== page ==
Bombardier's $3.4-billion bet on the market for narrow-bodied aircraft faces a potential threat: a price war instigated by Boeing Co. and Airbus SAS.
The world's two biggest aircraft makers are the dominant players in the single-aisle airplane market, and have been following the development of Bombardier new C Series plane, which is scheduled for first flight next year and delivery the following year, closely.
Discounting their planes is one possible tactic for trying to hang onto customers, says a report on the C series released Monday by consulting firm AirInsight. "The biggest threat to Bombardier as it tries to sell the C Series is the pricing power possessed by Airbus and Boeing that it cannot remotely begin to match," it states.
The report comes just days after Airbus SAS unveiled a key competitive response to the C Series, which takes aim at the narrow-bodied segment of the airplane industry now dominated by Airbus and Boeing's A320 and 737 respectively.
Airbus will undertake a $1-billion (U.S.) program to offer two, new fuel-efficient engines on the A320 and its A319 and A321 derivatives by 2016, including the same Pratt & Whitney engine Bombardier will offer on the C Series, which is regarded as one of the most significant improvements in jet engines in decades.
Boeing is biding its time, with no response so far to new competition from Bombardier and airplane makers from Russia and China or to the Airbus move of last week, which had been expected even though Airbus delayed the decision several months.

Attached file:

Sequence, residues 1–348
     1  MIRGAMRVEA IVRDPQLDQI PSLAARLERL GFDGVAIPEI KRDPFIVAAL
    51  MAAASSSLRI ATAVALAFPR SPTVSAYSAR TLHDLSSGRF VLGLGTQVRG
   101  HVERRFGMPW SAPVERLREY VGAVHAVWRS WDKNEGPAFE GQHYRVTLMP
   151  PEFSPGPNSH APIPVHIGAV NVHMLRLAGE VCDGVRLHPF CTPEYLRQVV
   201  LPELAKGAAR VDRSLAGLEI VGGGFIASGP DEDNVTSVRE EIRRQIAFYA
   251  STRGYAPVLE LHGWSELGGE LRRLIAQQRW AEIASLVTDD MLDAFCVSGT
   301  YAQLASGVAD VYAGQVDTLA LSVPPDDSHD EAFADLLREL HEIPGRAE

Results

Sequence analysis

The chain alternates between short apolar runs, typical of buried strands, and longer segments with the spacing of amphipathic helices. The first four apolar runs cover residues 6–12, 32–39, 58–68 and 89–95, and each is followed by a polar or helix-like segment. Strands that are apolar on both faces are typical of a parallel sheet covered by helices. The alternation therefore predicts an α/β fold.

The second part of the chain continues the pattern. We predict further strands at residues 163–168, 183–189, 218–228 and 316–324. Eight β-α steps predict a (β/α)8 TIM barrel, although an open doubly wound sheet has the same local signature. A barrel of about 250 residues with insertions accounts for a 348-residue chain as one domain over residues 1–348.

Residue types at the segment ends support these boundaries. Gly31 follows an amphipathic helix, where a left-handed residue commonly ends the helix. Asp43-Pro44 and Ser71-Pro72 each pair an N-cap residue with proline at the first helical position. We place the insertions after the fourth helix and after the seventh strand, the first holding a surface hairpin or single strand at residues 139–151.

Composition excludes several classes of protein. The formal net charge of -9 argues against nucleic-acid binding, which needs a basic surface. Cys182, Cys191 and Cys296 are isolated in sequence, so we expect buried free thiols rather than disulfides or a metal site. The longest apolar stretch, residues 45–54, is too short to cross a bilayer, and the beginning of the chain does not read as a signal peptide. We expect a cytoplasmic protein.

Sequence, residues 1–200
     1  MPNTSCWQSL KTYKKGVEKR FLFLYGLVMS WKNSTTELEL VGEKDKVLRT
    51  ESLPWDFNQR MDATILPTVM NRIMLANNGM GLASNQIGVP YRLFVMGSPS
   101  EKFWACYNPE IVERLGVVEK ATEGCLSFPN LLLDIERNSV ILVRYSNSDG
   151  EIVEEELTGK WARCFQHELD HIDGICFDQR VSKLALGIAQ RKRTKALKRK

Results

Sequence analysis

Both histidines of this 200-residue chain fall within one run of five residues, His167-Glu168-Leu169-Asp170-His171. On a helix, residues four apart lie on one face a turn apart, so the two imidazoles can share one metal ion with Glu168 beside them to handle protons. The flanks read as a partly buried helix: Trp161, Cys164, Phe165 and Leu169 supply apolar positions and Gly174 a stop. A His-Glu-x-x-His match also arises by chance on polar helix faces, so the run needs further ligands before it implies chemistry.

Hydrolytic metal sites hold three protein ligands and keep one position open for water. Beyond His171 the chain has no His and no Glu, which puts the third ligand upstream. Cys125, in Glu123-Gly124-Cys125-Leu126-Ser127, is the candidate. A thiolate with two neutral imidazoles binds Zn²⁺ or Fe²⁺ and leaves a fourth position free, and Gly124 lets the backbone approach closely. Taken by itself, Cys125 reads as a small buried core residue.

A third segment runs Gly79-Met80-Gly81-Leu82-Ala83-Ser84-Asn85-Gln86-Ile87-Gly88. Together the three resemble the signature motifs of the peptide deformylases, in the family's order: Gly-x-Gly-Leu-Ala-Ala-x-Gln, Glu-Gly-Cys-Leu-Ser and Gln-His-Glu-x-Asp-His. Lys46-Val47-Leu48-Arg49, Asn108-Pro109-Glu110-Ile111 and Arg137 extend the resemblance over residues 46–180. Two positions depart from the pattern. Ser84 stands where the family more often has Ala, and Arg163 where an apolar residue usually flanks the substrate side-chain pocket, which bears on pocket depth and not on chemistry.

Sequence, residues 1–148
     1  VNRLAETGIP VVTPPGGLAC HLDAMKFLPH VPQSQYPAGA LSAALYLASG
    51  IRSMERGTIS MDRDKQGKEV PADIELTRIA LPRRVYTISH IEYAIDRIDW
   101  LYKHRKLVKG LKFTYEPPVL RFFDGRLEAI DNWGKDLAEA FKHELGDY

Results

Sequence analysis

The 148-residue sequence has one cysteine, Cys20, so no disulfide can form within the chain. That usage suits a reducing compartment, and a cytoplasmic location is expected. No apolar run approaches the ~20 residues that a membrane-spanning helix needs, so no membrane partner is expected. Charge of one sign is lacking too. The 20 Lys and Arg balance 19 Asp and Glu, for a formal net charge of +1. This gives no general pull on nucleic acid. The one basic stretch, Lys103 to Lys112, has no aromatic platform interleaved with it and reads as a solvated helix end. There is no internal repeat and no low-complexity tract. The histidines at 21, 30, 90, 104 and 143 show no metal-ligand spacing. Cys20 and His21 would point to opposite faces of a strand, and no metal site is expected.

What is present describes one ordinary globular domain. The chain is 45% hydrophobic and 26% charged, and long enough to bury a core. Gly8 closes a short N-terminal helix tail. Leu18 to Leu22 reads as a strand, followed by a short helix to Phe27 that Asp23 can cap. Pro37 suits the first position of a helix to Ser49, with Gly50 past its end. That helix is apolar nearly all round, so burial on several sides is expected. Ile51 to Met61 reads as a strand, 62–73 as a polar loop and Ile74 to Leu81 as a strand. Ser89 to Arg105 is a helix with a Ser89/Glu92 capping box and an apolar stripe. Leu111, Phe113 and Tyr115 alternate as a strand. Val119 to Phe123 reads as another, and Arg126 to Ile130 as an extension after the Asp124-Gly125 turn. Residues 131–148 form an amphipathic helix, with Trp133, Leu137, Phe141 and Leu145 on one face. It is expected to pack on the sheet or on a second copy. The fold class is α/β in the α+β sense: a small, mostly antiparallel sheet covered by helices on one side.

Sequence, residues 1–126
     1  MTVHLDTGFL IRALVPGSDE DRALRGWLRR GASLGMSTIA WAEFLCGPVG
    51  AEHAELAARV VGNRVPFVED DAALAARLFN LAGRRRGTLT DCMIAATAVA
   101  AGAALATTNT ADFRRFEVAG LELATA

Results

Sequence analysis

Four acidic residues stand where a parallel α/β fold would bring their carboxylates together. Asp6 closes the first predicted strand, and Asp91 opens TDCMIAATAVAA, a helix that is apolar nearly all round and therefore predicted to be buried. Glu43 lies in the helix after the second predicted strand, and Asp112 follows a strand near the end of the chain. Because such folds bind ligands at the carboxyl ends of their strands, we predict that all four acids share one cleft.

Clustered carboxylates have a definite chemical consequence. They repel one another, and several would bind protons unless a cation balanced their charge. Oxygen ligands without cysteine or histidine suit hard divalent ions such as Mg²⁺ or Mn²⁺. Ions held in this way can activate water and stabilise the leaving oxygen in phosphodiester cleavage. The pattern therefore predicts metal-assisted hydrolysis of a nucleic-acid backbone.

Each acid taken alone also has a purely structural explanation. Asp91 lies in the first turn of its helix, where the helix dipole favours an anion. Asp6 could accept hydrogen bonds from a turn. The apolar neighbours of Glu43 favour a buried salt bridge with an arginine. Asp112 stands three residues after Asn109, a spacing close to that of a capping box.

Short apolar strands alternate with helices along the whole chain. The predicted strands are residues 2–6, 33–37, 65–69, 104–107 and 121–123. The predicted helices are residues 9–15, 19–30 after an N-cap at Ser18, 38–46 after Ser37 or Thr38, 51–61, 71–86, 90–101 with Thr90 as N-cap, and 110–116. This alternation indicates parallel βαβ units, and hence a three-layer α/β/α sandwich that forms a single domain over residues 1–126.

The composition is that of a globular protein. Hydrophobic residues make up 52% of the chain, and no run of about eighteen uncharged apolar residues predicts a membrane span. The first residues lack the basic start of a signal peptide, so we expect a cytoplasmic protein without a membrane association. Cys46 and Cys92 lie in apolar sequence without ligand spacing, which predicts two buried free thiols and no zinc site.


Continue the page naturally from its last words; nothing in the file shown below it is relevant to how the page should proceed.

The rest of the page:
Both the Chicago-based Boeing and Europe-based Airbus have other weapons in what is likely to become a dogfight as the newcomers battle the two established players for orders, said AirInsight, a consulting firm set up by three airline and airplane industry experts.
"The full family of airplanes offered by Airbus and Boeing give them the ability to price the A319 and 737-700 as loss leaders (should they choose to) or to wrap discounts into larger models and … twin-aisle airplanes," AirInsight noted.
The C Series is aimed at a segment of the narrow-bodied market that it believes doesn't hold much interest for Airbus and Boeing - airplanes with 100 to 149 seats. Although that segment has been shrinking, AirInsight believes airlines will buy more than 6,000 planes of that size over the next 20 years.
"The key question is whether Bombardier has targeted a shrinking market or whether through superior economics it can revitalize that market," the report notes.
The C Series has superior economics even when stacked against an Airbus with equally fuel-efficient engines, AirInsight adds.
The cash operating costs for the larger CS300 version of the C Series will be 11 per cent lower than those of an A319 with new engines measured on a seat-mile basis, or the costs of flying one seat one mile. On an aircraft-mile basis, or the cost of flying the aircraft one mile, the CS300 will cost 12 per cent less to operate.